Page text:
in The Tree House by John Shipton G2G6 Mach 1 (13.1k points)
retagged by Steven Harris
[Moderator]: Added tags to get more visibility for the post.
Maybe add tags South Africa and Cape of Good Hope (not sure what is best likely to draw attention to those best placed to reply)

5 Answers

+17 votes
Best answer

There appears to be a misunderstanding in the application of the Last Name at Birth. There is no rule that I am aware of that says to use the "first instance" for the name.

The guidelines on the LNAB field state that:

It is usually the formal name as it appears in official documents at the time of birth. However, it may not be exactly what appears in a birth record if:

  • There was a spelling mistake or error in the document, or if the family name was more commonly spelled in a different way at the time of the birth (see the spelling conventions section above).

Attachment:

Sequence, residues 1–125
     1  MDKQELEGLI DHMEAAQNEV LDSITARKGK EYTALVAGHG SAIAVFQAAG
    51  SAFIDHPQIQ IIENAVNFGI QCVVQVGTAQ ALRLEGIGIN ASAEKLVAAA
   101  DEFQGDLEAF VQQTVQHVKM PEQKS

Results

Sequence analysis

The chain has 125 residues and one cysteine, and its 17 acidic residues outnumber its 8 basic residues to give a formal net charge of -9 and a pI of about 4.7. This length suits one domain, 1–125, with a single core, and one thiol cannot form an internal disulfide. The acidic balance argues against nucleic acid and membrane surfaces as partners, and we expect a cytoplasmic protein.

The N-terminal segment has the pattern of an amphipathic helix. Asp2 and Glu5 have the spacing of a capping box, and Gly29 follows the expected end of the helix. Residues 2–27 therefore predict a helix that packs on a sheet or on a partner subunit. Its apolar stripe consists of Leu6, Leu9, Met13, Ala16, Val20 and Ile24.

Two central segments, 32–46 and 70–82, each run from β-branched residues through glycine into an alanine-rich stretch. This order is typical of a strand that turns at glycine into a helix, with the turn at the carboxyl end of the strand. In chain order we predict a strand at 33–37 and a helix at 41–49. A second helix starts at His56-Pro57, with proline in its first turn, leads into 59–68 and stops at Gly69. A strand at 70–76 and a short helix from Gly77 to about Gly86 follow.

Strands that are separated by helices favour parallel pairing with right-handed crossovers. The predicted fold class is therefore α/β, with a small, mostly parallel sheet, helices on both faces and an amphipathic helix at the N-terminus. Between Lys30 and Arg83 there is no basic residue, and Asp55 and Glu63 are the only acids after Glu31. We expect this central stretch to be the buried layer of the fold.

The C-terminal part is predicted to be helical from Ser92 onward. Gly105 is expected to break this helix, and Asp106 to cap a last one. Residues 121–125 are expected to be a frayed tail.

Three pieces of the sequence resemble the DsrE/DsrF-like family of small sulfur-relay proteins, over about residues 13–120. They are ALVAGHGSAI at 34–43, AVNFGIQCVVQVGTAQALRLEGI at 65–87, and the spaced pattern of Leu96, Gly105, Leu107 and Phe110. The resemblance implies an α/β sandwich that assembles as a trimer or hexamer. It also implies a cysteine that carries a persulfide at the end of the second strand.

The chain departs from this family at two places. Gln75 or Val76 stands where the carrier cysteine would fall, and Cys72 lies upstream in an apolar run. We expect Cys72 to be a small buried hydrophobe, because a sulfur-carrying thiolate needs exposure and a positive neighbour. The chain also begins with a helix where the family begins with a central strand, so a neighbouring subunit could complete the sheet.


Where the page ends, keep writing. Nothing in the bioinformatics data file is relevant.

• The person was adopted as an infant and they never used their birth name.

The spelling conventions section references above states that:

It's common with earlier ancestors that the spelling of a name was not standardized.

Nevertheless, if there are any contemporary written documents, the spelling from those documents should be used. In particular, the spelling that appears in a birth record should be used for the Last Name at Birth unless there are other documents from at or near the time of birth that inform us about a more common or correct spelling.

The spelling used by descendants is not relevant unless there are no contemporary written documents.

So if the name was recorded one way due to a specific language, it is not required to use it that way if you can (through sourcing other records) identify the official spelling they would have used in their own language.